All posts by Thomas L. Knapp

Happy “Holiday,” Motorists! Well, Maybe Not So Much.

Photo by Chris Yarzab. Creative Commons Attribution 2.0 Generic license.
Photo by Chris Yarzab. Creative Commons Attribution 2.0 Generic license.

On June 22, by popular demand, US president Joe Biden asked Congress to pass a three month “holiday” on collection of the federal gasoline tax. With prices hovering at around $5 per gallon, Americans want something done.

I’m all for it. I hate taxes, and I’m all for tax cuts, in any amount, for any length of time. Yay, Biden!

But before breaking into a collective happy dance over the “holiday” proposal and how great it’s going to be for our wallets, let’s look at some numbers.

According to the US Energy Information Administration, Americans used about 135 billion gallons of gasoline — about 408 gallons per man, woman and child in the country — in 2021. That’s not quite eight gallons per week per person.

Even if Americans aren’t reducing their miles driven due to higher prices, that means a “holiday” on collection of the 18.4 cent per gallon federal gas tax would save each of us a whopping $1.47 per week.

Don’t spend it all in one place.

And don’t expect to not pay for it on the inflationary back end.

The popular/common understanding of inflation is “price inflation” — a general rise in prices that happens when more dollars  chase the same goods and services. Everything else equal, if 350 million Americans suddenly have an extra $1.47 their wallets, that will produce at least some small upward blip in prices. A can of corned beef hash will go for a penny more next week than it did last week, or whatever.

Another effect will come in the form of textbook inflation, which is an increase in the supply of money (that is, the Federal Reserve creating new dollars out of thin air) versus total production of goods and services in the economy.

If the feds stop collecting the gas tax, naturally Congress will have to cut government spending by $25 billion per year (about $6 billion over the three-month “holiday”) to make up for reduced revenues, right?

Don’t make me laugh. Government spending will roll right along as usual. Congress will  just borrow the money, which means the Fed will magic that money into existence, making every dollar in your pocket worth less in terms of real purchasing power.

The proposed “holiday” is feel-good, “do something, anything” theater, not a serious solution. Gas prices will fall when supply goes up, demand goes down, or both. Anything else is just the equivalent of avoiding ladders and black cats on Friday the 13th.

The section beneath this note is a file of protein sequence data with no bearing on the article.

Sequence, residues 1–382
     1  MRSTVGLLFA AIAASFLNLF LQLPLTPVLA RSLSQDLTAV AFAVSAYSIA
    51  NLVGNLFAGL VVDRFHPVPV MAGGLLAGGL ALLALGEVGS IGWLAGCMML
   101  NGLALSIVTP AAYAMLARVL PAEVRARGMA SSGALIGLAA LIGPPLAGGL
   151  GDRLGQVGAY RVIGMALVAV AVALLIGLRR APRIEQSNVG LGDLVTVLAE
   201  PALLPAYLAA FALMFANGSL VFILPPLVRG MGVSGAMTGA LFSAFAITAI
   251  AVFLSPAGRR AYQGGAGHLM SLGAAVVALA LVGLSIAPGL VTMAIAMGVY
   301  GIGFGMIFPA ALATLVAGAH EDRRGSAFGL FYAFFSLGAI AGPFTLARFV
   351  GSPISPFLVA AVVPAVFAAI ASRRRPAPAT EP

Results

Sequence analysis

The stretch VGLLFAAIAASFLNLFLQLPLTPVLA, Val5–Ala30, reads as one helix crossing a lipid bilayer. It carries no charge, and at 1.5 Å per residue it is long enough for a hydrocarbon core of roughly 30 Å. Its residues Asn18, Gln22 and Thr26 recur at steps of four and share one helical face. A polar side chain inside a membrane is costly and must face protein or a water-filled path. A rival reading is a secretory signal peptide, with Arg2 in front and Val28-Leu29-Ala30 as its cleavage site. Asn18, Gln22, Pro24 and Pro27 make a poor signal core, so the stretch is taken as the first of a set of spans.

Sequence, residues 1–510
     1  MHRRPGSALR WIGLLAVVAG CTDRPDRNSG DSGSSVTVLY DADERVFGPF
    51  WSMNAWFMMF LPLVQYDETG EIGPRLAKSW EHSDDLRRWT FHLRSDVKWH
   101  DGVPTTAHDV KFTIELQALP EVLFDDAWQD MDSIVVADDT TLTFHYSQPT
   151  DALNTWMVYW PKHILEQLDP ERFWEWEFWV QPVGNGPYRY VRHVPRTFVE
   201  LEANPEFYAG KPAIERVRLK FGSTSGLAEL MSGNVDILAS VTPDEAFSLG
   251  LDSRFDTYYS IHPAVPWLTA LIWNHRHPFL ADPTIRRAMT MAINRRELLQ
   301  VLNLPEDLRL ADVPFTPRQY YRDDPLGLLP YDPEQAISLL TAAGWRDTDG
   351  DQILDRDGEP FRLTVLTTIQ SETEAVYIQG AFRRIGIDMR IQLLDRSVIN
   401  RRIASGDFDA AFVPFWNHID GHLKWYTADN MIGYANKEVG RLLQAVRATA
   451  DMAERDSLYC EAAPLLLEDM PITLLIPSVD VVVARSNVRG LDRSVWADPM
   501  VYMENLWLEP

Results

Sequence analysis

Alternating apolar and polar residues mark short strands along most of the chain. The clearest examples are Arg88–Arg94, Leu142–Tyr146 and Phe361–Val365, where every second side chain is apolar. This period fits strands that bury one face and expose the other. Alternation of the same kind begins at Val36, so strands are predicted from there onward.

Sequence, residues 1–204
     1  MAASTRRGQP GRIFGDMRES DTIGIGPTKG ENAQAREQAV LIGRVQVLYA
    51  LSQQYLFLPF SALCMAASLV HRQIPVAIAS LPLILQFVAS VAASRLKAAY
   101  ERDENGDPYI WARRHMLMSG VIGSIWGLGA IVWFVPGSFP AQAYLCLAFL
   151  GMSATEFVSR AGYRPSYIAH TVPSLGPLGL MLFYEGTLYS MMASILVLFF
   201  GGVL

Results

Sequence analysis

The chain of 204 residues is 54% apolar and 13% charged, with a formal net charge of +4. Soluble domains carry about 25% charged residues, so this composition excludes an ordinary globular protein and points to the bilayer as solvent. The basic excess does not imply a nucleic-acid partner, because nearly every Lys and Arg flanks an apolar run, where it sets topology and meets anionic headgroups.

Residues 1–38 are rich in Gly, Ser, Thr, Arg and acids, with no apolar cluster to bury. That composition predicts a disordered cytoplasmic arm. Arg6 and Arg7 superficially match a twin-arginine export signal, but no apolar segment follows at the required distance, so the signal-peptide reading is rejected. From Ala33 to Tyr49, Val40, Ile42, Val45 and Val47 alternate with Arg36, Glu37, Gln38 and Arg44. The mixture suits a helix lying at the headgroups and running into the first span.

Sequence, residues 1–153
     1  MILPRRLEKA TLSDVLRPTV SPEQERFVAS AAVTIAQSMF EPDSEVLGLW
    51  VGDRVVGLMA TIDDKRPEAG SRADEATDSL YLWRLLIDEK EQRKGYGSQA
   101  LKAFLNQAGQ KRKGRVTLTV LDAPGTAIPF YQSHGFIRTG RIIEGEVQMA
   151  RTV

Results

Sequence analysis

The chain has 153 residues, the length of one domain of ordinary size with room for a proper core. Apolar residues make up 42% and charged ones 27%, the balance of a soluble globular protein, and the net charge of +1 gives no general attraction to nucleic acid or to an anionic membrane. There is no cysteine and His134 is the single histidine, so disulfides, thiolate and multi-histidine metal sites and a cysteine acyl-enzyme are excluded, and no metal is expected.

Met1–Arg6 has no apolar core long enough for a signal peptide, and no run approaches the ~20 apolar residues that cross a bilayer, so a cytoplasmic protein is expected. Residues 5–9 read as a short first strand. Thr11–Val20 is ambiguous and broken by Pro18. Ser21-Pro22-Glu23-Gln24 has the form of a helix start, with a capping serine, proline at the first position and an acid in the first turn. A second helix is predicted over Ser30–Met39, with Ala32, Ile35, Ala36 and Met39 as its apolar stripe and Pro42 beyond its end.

Thomas L. Knapp (Twitter: @thomaslknapp) is director and senior news analyst at the William Lloyd Garrison Center for Libertarian Advocacy Journalism (thegarrisoncenter.org). He lives and works in north central Florida.

PUBLICATION/CITATION HISTORY

Florida: So Much for “Parental Rights”

Drag Ball at Webster Hall, Greenwich Village, in the 1920s. Public domain.
Drag Ball at Webster Hall, Greenwich Village, in the 1920s. Public domain.

In late March, Florida governor Ron DeSantis was all about “parental rights,” signing what critics called a “Don’t Say Gay” bill, which he insisted was really all about protecting the ability of parents to guide their children’s upbringing, control what subject matter they were exposed to in the classroom, and be informed by schools of matters pertaining to their “mental, emotional, or physical well-being.”

Only three months later, he’s threatening to have parents investigated by the state’s “child protective” bureaucracy should they choose to take their kids to entertainment events he doesn’t approve of.  And the same legislators who passed that “parental rights” bill now propose  to make parental non-conformity with Ron DeSantis’s entertainment preferences a felony punishable by, among other things, termination of the “parental rights” they so recently postured as defenders of.

Why the sudden bootlegger’s reverse on “parental rights?”

Well, it seems that some parents, in some places, are taking their kids to “drag shows” — per Wikipedia, “a form of entertainment performed by drag artists impersonating men or women.”

Ron DeSantis and company consider that a prime opportunity to “own the libs” in the “culture war,” even if it means turning on a dime and abandoning their “parental rights” line.

In American culture, drag shows have been a thing for about a century. Until fairly recently they were mostly confined to adults-only venues, especially “gay bars” and remote war zone locations where US troops had to provide their own entertainment.

But in recent years they’ve become increasingly popular outside the LGBTQ and military communities, in large part due to the “reality TV” series  RuPaul’s Drag Race, now entering its 15th season.